The thrust power is Fp = (F * Ve ) / 2 = 2,373,800,000 watts (2.4 gigawatts).

At an efficiency of 80% (1/0.8 = 1.25), the charged pion energy is 2,373,800,000 * 1.25 = 2,967,250,000 watts.

If the charged pion energy is 2,967,250,000 watts, the gamma ray energy is

Eγ = (Eπ± * 1.506) - Eπ±
Eγ = (2,967,250,000 * 1.506) - 2,967,250,000
Eγ = 1,501,428,500 watts (1.5 gigawatts)


The only redeeming feature is gamma rays are not neutrons, so at least they don't infect the ship structure with neutron embrittlement and turn the ship radioactive with neutron activation.

In the ship's structure the gamma ray flux will be attenuated by the inverse square law. So if the distance from the radiation source is increased by three times, the wattage will be reduced by 1/32 = 1/9 = 0.111. If the gamma ray energy is 1,501,428,500 watts (1.5 gigawatts) it will become 166,658,600 watts (170 megawatts). Yes I know if the annihilation region is a point source the initial distance is zero and the equation blows up. I'm still figuring that out.

For a given piece of ship structure at a given distance, figure the attenuated wattage, assume it will be absorbed and turned into heat, and ensure that piece of ship has enough heat radiator support to deal with that much heat. Or the part melts.


Figuring this is a bit more complicated.

Most of this is from Antiproton Annihilation Propulsion by Robert Forward

Assume a 1 Curie source of 200 MeV gamma rays at a distance of 1 meter will expose you to a radiation dosage of 1.6×10-4 sieverts per second.

Figure the inverse square attenuation by the distance you are from the annihilation region inside engine in meters. In other words: how far from the radioactive engine is the closest part of the habitat module? Reduce the radiation dosage by the attenuation factor.

For instance, if the rear of the hab module is 10 meters from the annihilation region in the engine the attenuation factor is 1/102 = 1/100 = 0.01. The dosage becomes 1.6×10-6 sv/sec.

This dosage is for a 1 curie source. The antimatter engine cranks out much more than one miserable curie.

Divide the engine wattage in watts by 3.2×10-11 (joules in a single 200 MeV gamma ray photon). Divide the result by 3.5×1010 to get how many curies. Then multiply the curies by the dosage to get the actual dosage.

Example: engine wattage 1,501,428,500 watts divided by 3.2×10-11 is 4.69×1019 gamma ray photons. Divided by 3.5×1010 is 1.34×109 Curies. Times the dosage at 10 meters 1.6×10-6 becomes 2,100 sv/sec. Which is terrible since 80 sieverts is enough to instantly put you in a coma and kill you within 24 hours, you'll get that dose in about 0.04 seconds.

What you do is calculate a biological shadow shield thick enough to reduce the radiation flux to a safe level.

Antimatter Containment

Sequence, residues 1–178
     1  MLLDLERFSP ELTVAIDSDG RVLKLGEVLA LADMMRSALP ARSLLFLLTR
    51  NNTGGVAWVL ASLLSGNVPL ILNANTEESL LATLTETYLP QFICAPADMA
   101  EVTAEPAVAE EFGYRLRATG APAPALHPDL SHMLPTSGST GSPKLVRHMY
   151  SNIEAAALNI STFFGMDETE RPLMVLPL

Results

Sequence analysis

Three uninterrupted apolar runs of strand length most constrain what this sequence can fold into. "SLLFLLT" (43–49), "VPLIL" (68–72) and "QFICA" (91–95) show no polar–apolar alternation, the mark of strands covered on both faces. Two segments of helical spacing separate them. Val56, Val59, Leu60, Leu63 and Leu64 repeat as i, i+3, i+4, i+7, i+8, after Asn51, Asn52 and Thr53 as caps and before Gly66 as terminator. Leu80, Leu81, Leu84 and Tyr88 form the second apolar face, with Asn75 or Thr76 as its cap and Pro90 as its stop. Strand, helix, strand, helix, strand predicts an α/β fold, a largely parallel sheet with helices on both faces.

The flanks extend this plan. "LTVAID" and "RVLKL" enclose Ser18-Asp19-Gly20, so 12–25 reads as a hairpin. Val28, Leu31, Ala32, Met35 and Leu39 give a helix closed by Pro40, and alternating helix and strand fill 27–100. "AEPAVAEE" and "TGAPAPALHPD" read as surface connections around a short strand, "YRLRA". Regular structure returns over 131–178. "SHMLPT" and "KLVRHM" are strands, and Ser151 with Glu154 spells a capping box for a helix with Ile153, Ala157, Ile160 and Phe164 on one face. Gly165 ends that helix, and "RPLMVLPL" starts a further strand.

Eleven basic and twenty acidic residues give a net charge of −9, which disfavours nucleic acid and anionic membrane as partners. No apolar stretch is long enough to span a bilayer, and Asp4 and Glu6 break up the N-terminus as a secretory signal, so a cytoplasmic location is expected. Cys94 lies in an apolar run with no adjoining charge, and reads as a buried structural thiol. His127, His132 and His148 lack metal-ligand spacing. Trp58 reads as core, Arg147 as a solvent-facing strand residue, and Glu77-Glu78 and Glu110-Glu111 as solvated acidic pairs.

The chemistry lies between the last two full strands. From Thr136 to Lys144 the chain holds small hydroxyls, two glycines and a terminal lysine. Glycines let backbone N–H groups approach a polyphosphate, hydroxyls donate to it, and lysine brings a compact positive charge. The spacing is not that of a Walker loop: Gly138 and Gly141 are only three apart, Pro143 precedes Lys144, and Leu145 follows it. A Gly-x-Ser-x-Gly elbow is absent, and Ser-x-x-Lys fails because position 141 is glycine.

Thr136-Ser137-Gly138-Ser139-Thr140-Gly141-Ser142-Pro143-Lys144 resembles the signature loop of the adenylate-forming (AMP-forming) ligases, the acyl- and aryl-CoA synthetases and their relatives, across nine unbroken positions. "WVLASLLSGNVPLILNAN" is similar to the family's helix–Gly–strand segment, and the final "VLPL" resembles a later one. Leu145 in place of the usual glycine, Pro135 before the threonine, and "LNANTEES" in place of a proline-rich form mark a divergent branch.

Unsurprisingly, it is very difficult to safely contain antimatter. When antimatter touches matter you get an earth-shattering kaboom. Unfortunately conventional fuel tanks are made of matter. And if you make the fuel tanks out of antimatter the problem becomes: how do you attach them to the matter structural members of your spacecraft?

The strategy is to use electromagnetic or electrostatic energy fields instead of matter walls to hold the blasted stuff.

Earnshaw's theorem proves that no set of static charges can be used to create a stable trap. The best you can do is metastable, and the vast majority of configurations are actively unstable. You need to cheat with nonstationary dynamic fields, as in a Penning Trap.

The report Alternate Pathways to Antimatter Containment by J.M. Rejcek et. al. is relevant to our interests

First off, the report suggests the factors that can be used to rate various types of antimatter containment:

Energy Storage Density
You do not want an antimatter canister the size of an oil drum containing barely enough antimatter to power a 10 watt light bulb for half a second. As a rule of thumb it should be at least as power dense as TNT. This boils down to 4.63×1016 positrons per cubic centimeter or 3.6×1013 anti-protons per cubic centimeter.
Energy Storage Capacity
However dense the antimatter is, the containment system needs to be able to store a significant volume of the stuff. It doesn't matter if you can store antimatter at densities approaching dwarf star matter if you can only store a volume too small to be seen with an electron microscope.
The more the energy stored, the bigger the boom if something goes wrong. The containment unit need to be idiot-proof since there are so many idiots out there. It should not pose an environmental hazard to anybody who has to be near it. And there are those pesky chemical, environmental, and explosive safety requirements common to energy sources.
It would be nice if the unit can be used with multiple applications, i.e., if you can just flip a switch and electricity comes out the power outlet. As opposed to it producing neutrinos or something else difficult to use. And for spacecraft use, it should be able to handle free fall or expected levels of thrust without exploding.
Low Maintenance
It is a plus if the unit does not require large investments of energy for maintenance. Things like cryogenics, high powered lasers, and/or strong electric and magnetic fields make it less desirable.

A given system might not have all of these, but the factors are useful for ranking systems in order of desireablity.

Penning traps are the current containment system of choice. It uses electrostatic fields to confine clouds of positrons or anti-protons (both of which are charged).

The trouble is that like charges repel, so the more anti-protons you try to cram into a Penning trap, the more the cloud wants to expand due to electrostatic repulsion, and the more energy you'll need for the confining electrostatic fields to keep it from rupturing. Which is alarming, since the words "rupturing" and "antimatter" are so often seen with words like "blast radius" and "no survivors."